Proper booze

Booze is, of course, one of the main reasons we were so keen to speak with Valentine. Besides the hunting, the foraging and the cooking, he’s a man who appreciates proper booze: cider. “I’m a big, big cider drinker” and not just any old cider, but cider made the traditional way – although he’s not as disparaging of the big commercial makers as you might imagine. “It’s very easy to complain about all the ciders that you drop ice in and all those horrible fruit ciders which we won’t name. But off the back of that it’s inspired lots of apple cider makers who make it the old way to get going, and actually these big companies have done a world of good for the small companies. I think it’s silly to bash them because there are now lots of independent makers on the market who wouldn’t have been there as other big brands have become popular. Cider is having a boom and I’m really pleased to see what’s going on.”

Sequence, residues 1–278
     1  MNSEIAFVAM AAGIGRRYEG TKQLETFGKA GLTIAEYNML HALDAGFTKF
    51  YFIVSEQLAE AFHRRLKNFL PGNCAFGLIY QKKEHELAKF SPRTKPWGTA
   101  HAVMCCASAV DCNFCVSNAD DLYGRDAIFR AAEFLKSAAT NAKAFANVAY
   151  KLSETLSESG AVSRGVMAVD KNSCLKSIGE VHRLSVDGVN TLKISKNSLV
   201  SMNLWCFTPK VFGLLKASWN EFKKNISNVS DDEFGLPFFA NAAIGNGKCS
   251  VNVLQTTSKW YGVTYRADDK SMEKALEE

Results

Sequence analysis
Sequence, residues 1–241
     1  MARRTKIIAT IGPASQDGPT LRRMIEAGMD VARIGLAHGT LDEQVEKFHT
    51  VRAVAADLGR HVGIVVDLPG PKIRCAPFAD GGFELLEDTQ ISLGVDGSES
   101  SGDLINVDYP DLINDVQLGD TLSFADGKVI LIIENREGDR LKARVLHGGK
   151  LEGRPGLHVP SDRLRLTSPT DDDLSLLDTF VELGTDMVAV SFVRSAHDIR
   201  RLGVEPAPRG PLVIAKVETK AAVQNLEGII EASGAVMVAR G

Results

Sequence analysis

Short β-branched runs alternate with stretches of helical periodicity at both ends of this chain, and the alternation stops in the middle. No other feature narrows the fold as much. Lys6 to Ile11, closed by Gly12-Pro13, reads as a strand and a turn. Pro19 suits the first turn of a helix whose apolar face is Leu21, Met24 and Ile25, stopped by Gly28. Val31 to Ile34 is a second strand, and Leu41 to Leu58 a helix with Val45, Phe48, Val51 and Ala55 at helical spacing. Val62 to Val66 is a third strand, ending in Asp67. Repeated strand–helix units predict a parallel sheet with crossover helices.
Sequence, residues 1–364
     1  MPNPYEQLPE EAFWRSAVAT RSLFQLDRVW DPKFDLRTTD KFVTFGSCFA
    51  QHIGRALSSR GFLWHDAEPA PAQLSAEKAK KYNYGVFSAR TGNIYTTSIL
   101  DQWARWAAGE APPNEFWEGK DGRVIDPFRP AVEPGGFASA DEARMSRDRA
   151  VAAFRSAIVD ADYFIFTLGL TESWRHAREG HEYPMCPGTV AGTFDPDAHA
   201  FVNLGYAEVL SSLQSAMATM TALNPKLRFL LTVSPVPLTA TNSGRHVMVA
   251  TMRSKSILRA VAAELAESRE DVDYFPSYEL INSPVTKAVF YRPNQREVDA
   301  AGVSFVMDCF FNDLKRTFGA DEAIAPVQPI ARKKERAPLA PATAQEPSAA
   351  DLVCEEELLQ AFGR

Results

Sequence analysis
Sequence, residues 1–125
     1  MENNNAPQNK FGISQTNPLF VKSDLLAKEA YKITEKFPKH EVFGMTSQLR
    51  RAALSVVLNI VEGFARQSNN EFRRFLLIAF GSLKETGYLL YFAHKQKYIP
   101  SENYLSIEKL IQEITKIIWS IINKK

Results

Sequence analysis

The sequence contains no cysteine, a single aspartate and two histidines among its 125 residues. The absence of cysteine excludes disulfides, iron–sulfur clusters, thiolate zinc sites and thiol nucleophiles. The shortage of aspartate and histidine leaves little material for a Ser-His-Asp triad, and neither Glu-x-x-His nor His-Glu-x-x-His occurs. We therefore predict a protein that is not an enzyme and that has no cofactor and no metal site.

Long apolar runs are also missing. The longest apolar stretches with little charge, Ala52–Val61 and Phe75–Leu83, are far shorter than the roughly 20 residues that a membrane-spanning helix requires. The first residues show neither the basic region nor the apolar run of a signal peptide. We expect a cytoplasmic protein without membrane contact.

As well as cider and cloudberry schnapps, Valentine is also a fan of gin and whisky. So much so that, for his next project, he’ll be swapping his grill for a still and opening up a new gin and whisky distillery in Northumberland. Naturally, we’ll have a long wait to try the whisky, but the first batches of ‘hepple gin’ will be rolling off the line “around spring” next year. Inevitably, the ingredients will be key. “The amazing thing about where we’re making ours is that we have all our own ingredients. We have our own water and all the botanicals off the moor – we cant help but walk all over it.” Although he will be importing juniper to start with, even this most Scandinavian of berries will eventually be provided by trees planted around the house, many of which are already very established: “Our juniper will be making a contribution to every bottle”.